We have something of a burgeoning free jazz scene here, with gigs taking place
at venues such as Levontin 7 in Tel Aviv and Uganda in Jerusalem with fairly
high frequency. We also get artists from abroad who pop by periodically to share
their artistic insights with us, and join forces with some of their Israeli
Norwegian drummer Stale Liavik Solberg has been here
several times over the past couple of years, sharing the stage with local
improvisational stalwarts the likes of pianist Daniel Sarid, clarinetist Harold
Rubin and guitarist Ido Bukelman.
Next week, Solberg will team up with
compatriot vocalist Stine Janvin Motland, as the Motsol duo, to perform concerts
at Awsat High School in Haifa, and at Uganda and Levontin 7, with Sarid and
Rubin joining the Scandinavians in the second set at the latter
32-year-old Solberg and Motland have been sharing their artistic
journeys for some time now, both as a duo and as part of a quartet alongside
cellist Fred Lonberg-Holm and clarinetist Frode Gjerstad.
“We have been
working together for seven years now, since we started studying jazz in
Stavanger,” says Solberg. That was for an undergraduate degree in jazz, and the
four continued on to a master’s degree at the music conservatory in Oslo, which
they took as a group.
Over the years Solberg has worked with Motland, and
with the quartet and other larger groups and says different personnel volumes
offer different advantages.
“When I work with Stine it’s fun because we
can feed off each other and alternate things. Sometimes she’ll lead and do all
sorts of crazy things while I keep the melody going, and then we can do it the
other way round, or we can play we neither of us taking the lead.”
again, when there are only two musicians on stage it leaves each player with a
greater degree of responsibility.
“That’s true,” observes Solberg, “but
it’s also fun to playing in bigger ensembles. Then again, sometimes in bigger
bands you end with a specific role and you have less freedom. So there are
advantages and disadvantages.”
Growing up, Solberg was initially exposed
to a very different musical mindset than his current avenue of creative
“There was all that late Eighties and early Nineties stuff on
the radio,” he recalls. “I remember I got [Norwegian pop group] A-ha and
[Canadian rock musician] Bryan Adams cassettes for Christmas one
Things soon changed.
“When I was 12 or 13 I got a CD player
and I borrowed quite a few CDs from one of my uncles and started buying CDs and
records. My uncle had some 1970s 1980s funk and fusion, everything from Herbie
Hancock’s electric Head Hunters album to [American R&B-based band] Tower of
SOLBERG STARTED developing an interest in drummers and started
drumming with the school band. He began checking out all the jazz-fusion
drummers of the time, including Billy Cobham – Cobham’s 1973 album Spectrum was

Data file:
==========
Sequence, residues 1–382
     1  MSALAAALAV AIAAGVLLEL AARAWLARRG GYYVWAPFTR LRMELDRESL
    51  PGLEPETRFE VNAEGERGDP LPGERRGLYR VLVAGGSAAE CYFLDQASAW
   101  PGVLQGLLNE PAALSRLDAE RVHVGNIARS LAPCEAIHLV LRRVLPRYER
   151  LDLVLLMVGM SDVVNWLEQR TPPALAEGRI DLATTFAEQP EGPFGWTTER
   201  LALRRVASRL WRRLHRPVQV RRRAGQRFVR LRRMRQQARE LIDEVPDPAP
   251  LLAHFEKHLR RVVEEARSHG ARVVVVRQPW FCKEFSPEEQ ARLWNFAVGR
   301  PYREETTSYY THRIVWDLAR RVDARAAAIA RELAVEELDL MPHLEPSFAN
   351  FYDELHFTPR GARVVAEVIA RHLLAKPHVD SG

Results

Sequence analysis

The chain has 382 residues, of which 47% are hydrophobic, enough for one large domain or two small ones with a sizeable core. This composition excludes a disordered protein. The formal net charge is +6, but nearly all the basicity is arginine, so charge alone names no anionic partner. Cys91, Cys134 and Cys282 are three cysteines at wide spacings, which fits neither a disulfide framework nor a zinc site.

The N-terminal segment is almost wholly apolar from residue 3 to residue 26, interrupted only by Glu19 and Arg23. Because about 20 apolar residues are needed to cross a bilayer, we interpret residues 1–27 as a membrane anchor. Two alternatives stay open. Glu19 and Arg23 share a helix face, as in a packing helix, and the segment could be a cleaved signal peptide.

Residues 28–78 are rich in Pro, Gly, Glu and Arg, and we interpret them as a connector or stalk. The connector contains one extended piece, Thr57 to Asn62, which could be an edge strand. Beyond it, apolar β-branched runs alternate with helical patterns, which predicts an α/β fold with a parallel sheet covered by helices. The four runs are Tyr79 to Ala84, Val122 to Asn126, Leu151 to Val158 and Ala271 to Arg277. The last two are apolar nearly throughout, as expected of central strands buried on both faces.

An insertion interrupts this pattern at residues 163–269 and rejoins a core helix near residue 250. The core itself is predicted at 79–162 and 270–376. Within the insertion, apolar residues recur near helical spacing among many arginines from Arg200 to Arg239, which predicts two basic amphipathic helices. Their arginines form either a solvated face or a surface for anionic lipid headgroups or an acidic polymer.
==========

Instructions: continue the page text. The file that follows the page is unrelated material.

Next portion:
teenage Solberg’s first CD purchase – and Tony Williams.
Davis, and his drummers of the 1950s Jimmy Cobb and Philly Joe Jones, also
provided Solberg with inspiration.
“I got interested in trying to work
out how all the music was organized and fit together. I listened to a lot of
different music and I’d play along with different records.”
he got his own drum set and began practicing long and hard, which couldn’t have
been much fun for his parents.
“Actually, my mother told me she had been
worried about the noise but said it could have been much worse, because
listening to a horn player playing out of tune would have been
Despite immersing himself in listening to and playing music
Solberg was still not sold on the idea of becoming a professional a musician
when he left high school. He spent some time at a folkmusic based school and
tried his hand at various endeavors until, eventually, at the relatively ripe
old age of 25, he started a BA in jazz.
“I think that was an advantage,
that I came to the studies a bit older and more mature,” he notes.
allowed me to be more critical of what I learned and listened to, and not just
He gradually began playing on the small, but growing,
improvisational music scene in Norway and says his generation of Norwegians has
taken free jazz there to a different level.
“I think people got a bit fed
up with the [German jazz label] ECM sound sort of thing. They started looking
for something different.”
Today, Solberg says he is drawn to the music of
free improvisational players such as saxophonists Evan Parker and Peter
Brotzmann, pianist Cecil Taylor and guitarist Derek Bailey.
“It is their
texture and the fact that they are able to put some kind of forward motion in
their playing, it’s amazing. I get a great feeling from their music, but you
can’t have this forward motion the whole time, but you can push it
sometimes. That is something I want to be able to do.”
Solberg play is anything but boring.
There is always something going on
as he alternates between different drums and cymbals, drumsticks and brushes,
and bells and other means of varying the texture and rhythm of his
“It’s about bringing new things up the whole time,” he
“I am aware that I may tend to slip into a pattern, so I watch
out for that and try to keep things interesting.”Motsol will play at
Uganda in Jerusalem on November 7 at 9 p.m., Awsat High School in Haifa on
November 9 at 9 p.m., and at Levontin 7 on November 10 at 8:30 p.m.